Although an admirer of his, this made me quite uncomfortable and i feel so much involvement is not a good thing after all.

  • Tom

    Tom

    July 18th, 2012 at 4:15 AM

    When anyone has trouble between distinguishing fantasy from reality, well. that’s a problem no matter what career you are in.

  • Brittney

    Brittney

    October 10th, 2013 at 10:31 PM

    Do people not see this as something that can be turned into a scapegoat or a defense mechanisms. Actors have the clear ability to escape through their acting, which is not similar to regular hobbies in the sense that they are washing their minds clean of who they are, and becoming someone else. If an actor is having an issue with their personal relationships, such as a spouse, the actor can retreat into their profession, and even “act” more deeply into the role of his/her next film, resulting in much more believable love scenes and more believable characters. This can be dangerous to the identity of the actor, and their true sense of reality, social norms, and acceptable behavior. We have seen this with celebrities, where all of a sudden a married actor is cheating with a costar, or a new singer, someone they bumped into during work, etc. Actors can be whoever they want to be whenever they want to be, they are the ultimate masters of disguise, because who knows who they really are. They could have spent their whole lives acting. I still believe it to be a beautiful and brilliantly evolved complex, and almost perfectly functional for the future of mankind, but still sad. It should be called the Actor’s Complex.

  • Sam

    Sam

    November 19th, 2017 at 2:27 PM

    I totally agree with everything you said here!!

  • steve

    steve

    March 31st, 2016 at 9:17 AM

    Inability to form real deep relationships is an issue with teachers and actors.
    Both are skilled at communicating to groups of people and avoiding a natural one-to-one conversation.
    So an attempt at one-to-one dialogue lacks the type of empathy needed for good communication – they may give stock answers that they know are safe but lack the content that the interlocutor was expecting. So the conversation becomes disconnected from real feelings. Subtle nuances are brushed-over or simply ignored because the actor or teacher is unable to process the nuance quickly or correctly. This leads to mental isolation in which real and genuine emotions are not expressed – even to the actor or teacher themselves. They fall into the trap of speaking ‘at’ somebody rather than ‘to’ somebody.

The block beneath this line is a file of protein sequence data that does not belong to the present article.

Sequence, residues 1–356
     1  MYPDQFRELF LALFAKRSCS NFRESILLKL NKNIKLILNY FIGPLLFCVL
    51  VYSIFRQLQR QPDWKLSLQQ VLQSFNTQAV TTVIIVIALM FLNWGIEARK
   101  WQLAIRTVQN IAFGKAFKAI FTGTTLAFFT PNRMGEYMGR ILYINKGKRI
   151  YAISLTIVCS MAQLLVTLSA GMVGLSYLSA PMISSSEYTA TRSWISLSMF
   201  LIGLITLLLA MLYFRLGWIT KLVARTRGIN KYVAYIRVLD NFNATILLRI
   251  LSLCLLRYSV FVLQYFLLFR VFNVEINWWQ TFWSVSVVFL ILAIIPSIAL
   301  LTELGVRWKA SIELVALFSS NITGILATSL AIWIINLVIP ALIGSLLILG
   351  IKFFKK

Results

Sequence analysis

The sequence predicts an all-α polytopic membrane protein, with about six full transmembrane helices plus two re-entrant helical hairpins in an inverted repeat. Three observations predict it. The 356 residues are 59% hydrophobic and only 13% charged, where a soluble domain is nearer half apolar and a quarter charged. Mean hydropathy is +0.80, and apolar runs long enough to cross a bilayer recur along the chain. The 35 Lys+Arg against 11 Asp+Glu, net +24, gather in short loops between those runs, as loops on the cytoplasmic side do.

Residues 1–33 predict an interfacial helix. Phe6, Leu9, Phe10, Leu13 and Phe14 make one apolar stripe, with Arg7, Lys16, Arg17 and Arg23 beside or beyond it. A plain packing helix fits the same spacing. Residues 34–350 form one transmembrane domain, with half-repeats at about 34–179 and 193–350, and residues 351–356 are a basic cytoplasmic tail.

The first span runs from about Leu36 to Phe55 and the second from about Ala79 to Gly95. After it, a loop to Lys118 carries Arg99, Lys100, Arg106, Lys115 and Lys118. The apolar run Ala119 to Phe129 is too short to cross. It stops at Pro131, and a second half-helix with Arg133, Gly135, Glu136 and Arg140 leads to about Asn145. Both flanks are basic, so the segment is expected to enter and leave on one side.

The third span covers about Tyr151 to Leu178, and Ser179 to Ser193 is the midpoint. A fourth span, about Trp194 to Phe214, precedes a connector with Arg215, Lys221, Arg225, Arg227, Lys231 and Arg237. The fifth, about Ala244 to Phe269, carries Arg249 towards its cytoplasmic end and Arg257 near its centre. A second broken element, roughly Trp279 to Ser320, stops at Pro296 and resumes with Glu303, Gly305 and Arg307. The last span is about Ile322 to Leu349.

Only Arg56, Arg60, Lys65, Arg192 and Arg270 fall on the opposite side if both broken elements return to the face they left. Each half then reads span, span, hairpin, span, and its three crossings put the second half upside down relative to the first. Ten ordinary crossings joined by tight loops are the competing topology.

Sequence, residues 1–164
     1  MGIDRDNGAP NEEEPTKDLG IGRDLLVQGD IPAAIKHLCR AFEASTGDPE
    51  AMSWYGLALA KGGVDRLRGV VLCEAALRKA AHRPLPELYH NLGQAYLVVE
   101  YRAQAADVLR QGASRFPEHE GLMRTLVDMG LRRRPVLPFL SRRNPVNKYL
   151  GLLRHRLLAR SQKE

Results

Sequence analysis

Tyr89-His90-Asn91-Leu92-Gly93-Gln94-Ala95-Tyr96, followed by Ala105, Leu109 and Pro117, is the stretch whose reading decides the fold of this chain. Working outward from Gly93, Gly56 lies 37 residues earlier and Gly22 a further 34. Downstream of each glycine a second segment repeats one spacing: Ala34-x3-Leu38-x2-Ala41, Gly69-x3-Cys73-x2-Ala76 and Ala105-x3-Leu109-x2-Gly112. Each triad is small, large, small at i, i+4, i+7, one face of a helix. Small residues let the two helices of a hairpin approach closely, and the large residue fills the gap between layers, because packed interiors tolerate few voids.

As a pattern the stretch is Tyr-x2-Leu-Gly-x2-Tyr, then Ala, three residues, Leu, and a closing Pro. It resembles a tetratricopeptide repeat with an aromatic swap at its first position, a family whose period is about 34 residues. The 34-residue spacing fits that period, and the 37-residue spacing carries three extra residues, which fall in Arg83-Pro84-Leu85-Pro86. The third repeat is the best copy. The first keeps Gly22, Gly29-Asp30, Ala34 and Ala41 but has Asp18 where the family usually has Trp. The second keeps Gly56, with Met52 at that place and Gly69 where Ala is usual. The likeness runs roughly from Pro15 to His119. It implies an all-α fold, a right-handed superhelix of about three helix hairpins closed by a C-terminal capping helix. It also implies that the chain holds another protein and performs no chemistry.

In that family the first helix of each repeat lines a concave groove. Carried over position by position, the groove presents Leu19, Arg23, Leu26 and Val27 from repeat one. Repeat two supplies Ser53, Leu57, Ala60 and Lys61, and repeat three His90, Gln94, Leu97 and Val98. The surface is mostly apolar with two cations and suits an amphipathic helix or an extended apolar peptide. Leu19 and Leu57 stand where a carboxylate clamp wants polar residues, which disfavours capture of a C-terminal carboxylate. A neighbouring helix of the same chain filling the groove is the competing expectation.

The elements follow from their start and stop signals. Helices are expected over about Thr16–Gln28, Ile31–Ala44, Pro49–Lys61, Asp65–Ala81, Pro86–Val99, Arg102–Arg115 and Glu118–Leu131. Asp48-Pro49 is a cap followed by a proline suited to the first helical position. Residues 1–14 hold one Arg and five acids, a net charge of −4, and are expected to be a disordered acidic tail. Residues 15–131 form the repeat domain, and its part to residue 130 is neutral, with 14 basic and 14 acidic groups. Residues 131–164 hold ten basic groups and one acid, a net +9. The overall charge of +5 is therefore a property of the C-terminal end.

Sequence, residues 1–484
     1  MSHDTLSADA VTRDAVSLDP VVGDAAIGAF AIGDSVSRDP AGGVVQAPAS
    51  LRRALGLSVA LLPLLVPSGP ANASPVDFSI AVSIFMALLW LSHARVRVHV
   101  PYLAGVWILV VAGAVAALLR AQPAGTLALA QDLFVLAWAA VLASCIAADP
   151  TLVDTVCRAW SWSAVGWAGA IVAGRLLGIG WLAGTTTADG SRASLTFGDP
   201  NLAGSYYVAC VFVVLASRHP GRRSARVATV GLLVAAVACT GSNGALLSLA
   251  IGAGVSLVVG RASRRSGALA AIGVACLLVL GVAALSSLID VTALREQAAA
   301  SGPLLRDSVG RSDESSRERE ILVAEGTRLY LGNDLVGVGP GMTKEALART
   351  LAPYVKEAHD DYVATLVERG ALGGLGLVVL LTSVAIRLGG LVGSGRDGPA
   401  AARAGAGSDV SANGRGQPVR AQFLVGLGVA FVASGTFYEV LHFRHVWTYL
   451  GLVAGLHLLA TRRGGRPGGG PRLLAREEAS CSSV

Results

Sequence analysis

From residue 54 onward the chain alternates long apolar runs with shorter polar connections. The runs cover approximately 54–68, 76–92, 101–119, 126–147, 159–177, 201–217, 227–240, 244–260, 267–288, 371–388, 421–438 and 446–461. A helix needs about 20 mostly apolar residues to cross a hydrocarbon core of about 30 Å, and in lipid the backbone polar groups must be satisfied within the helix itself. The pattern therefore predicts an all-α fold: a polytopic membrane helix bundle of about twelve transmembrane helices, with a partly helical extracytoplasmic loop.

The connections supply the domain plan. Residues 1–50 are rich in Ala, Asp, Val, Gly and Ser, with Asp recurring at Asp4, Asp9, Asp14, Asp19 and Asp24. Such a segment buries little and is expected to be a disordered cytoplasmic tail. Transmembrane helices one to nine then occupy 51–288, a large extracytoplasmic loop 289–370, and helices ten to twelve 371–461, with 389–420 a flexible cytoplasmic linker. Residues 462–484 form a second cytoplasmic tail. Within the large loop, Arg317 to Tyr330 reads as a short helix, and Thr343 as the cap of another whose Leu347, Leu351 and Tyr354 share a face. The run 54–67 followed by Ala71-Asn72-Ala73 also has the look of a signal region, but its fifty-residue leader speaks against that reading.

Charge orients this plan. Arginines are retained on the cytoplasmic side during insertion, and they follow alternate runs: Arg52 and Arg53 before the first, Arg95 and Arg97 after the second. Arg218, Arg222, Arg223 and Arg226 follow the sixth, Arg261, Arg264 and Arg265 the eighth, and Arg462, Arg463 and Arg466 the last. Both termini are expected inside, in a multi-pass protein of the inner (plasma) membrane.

• Wade

    Wade

    June 10th, 2016 at 3:14 AM

    I think we can learn a lot from the art of acting. The ability to climb into someone else’s psyche and retrieve such vivid emotions is commendable to say the least. However such ability can only come from tremendously humbling origins. If those origins are humbling there is no stress. However if there are still connected issues the humbling part still awaits that actor.

  • Karlene T

    Karlene T

    January 9th, 2017 at 4:17 PM

    I am a single women 54, I am hoping to become involved in acting, I am also a singer/ guitarist with some of my music, I have been on my own for year’s because I chose to be, prior to singing and learning guitar however my life was a nightmare, I was severely abused by both partners from my teenagers years into my early 30 s, I became an actor at times, while with them in order to prevent being beaten, I now have more skills than I ever thought I could have, especially since I started singing, I also completed my diploma in counseling last year, in order to help other’s trapped by abuse, I am planning to be able do a bit of both counseling and acting, and also my music, I think you do anything if you are confident and aware of your self worth.

  • Sam

    Sam

    November 19th, 2017 at 2:33 PM

    Although old this is a very interesting article. There is a tv show called Stranger Things (Netflix) and during the interview one of the actors (who happens to be extremely young like most of the cast) said she got such an emotional connection with her character that she literally cried in set while doing the scenes. These kids are brilliant actors and me as well as everyone across the globe is impressed with their skills especially given that their so young. However I worrying for their mental health. I’m not that older than them but I’m older and I’m now aware of how the business works and how it treats children. I also see how a lot of child actors go off the edge and act crazy afteawhile. Maybe bc if all the acting baggage they carry? I mean were people from the outside looking in and we get conneted to these fictional characters. Imagine what it’s like for an actor actually being that person/ thing that they’re not. I used to want to act but I know I’d totally lose my self Idemtitt after awhile. Idk they (these actors) chose that life and this is an amazing craft just putting my thought out there.